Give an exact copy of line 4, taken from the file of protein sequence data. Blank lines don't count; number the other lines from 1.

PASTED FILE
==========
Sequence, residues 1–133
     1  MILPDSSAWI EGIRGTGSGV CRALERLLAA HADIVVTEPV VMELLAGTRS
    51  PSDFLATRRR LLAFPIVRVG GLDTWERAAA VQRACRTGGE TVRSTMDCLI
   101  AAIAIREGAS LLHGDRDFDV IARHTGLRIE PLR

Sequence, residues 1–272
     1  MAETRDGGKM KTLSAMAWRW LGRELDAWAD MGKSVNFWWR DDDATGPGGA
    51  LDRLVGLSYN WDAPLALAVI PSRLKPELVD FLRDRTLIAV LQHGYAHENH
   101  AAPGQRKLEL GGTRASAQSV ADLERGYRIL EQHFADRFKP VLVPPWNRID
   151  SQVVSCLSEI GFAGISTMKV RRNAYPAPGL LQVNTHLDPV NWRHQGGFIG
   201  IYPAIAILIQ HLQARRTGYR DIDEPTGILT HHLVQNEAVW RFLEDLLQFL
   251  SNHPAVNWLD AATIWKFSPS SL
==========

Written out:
   101  AAIAIREGAS LLHGDRDFDV IARHTGLRIE PLR